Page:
Hudson Institute

Ukraine Military Situation Report | October 11

Senior Fellow (Non-Resident)
Missiles are launched from a helicopter of Ukraine’s 18th Army Aviation Brigade on September 19, 2023, in Donetsk, Ukraine. (Libkos via Getty Images)
Missiles are launched from a helicopter of Ukraine’s 18th Army Aviation Brigade on September 19, 2023, in Donetsk, Ukraine. (Libkos via Getty Images)

This report first appeared as a part of Hudson's Re: Ukraine newsletter series. To subscribe, click here.

Below Hudson Senior Fellow Can Kasapoğlu offers a military situation report about the war in Ukraine.

Executive Summary

Ukraine destroyed an important Russian ammunition train in Tokmak, but Kyiv’s gains have largely stalled in the south as changing weather threatens to limit armored maneuver operations in the coming weeks.

Russian missile salvos continued to pound Ukrainian cities, and Kyiv expects a record hike in kamikaze drone attacks—mainly featuring Iranian Shahed drones—this coming winter.  

Some evidence suggests that Ukrainian special forces units may be hunting Wagner Group personnel in Sudan. 

Russia’s limited intelligence capability, along with Ukraine’s extensive rail network and excellent repair capabilities, have made it more difficult for Russia to disable Ukrainian rail infrastructure.

1. Battlefield Update

This week in Ukraine saw no important shifts in territorial control or changes in battlefield geometry. The most newsworthy development was the Ukrainian military’s successful destruction of a Russian ammunition train in the city of Tokmak. As last week’s edition of this report emphasized, Tokmak, which remains the command and control and logistics hub of the Russian occupation forces in the south, is a key target for Ukraine. This week’s attack suggested that Ukrainian forces have perhaps achieved fire-control reach over the town, probably by employing HIMARS multiple-launch rocket systems. If so, this marks a notable tactical achievement.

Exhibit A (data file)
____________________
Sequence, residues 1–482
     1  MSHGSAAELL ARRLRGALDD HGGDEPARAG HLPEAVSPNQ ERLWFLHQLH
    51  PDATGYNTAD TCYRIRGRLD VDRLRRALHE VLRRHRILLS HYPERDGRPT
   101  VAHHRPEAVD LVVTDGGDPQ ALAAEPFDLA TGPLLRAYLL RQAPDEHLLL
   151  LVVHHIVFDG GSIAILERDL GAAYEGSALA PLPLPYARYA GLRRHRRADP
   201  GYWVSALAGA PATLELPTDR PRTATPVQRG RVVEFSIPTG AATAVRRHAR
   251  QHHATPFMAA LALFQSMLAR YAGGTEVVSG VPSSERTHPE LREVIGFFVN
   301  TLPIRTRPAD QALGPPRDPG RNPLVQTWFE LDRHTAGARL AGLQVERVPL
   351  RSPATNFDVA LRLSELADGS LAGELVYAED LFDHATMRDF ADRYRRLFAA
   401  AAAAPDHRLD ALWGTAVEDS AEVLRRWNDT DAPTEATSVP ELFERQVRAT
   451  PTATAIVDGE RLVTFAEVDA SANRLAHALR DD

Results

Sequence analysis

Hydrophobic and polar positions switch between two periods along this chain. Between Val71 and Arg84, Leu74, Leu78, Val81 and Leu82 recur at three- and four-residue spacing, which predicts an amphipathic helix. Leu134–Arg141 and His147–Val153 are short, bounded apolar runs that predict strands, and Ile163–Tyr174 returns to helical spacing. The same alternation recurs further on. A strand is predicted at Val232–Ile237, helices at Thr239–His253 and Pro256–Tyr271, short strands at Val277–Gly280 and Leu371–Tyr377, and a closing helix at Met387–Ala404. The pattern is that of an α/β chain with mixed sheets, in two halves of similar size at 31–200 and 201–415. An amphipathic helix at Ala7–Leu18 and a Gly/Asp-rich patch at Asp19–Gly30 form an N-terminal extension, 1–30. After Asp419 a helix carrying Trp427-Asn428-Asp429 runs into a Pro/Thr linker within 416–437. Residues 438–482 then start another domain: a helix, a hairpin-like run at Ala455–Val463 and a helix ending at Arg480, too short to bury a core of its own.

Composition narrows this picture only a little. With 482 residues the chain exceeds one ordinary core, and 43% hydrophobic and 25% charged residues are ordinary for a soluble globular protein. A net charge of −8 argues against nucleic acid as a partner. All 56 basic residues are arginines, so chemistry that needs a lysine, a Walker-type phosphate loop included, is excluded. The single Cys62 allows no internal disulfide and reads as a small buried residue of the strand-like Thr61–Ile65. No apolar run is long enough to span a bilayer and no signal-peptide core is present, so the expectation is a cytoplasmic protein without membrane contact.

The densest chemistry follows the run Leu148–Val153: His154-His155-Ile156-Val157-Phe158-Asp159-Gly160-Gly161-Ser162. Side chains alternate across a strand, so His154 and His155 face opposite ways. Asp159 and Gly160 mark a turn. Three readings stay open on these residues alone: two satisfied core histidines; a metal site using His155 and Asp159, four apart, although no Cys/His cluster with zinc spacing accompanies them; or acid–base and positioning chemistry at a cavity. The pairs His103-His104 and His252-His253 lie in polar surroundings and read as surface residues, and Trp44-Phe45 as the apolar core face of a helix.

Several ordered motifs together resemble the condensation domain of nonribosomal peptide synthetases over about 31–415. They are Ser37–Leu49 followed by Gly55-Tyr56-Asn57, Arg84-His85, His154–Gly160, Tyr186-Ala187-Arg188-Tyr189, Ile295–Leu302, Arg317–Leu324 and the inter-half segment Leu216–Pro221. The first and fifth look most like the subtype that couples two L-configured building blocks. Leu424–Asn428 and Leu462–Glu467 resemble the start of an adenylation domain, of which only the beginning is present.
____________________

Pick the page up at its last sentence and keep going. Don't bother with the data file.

Nonetheless, Russian combat formations have intensified their attempts to envelop and halt Ukraine’s gradual progress in the south. These efforts have failed to alter dynamics in the Robotyne bulge and near Verbove. Yet Ukraine’s offensive combat operations along the Velyka Novosilka and Orikhiv assault axes, the primary components of its counteroffensive push, have seemingly reached their limits. Ukraine can still make progress along these axes, but it would need to augment its force generation capacity to do so. 

Worryingly, Russian missile salvos and drone strikes continued to pound Ukrainian cities this week, targeting food infrastructure in the Black Sea coastal city of Odesa, as it has since the Kremlin’s withdrawal from the grain deal. Its weapons of choice in these attacks remain the Iran-manufactured Shahed-131 and Shahed-136 loitering munitions, launched in a high operational tempo. The frequency of these munitions’ use in combat suggests that the Tatarstan drone plant mentioned in last week’s edition of this report may already be in its initial stages of operation. The Ukrainian Air Force said that Kyiv is anticipating a record hike in kamikaze drone attacks this coming winter.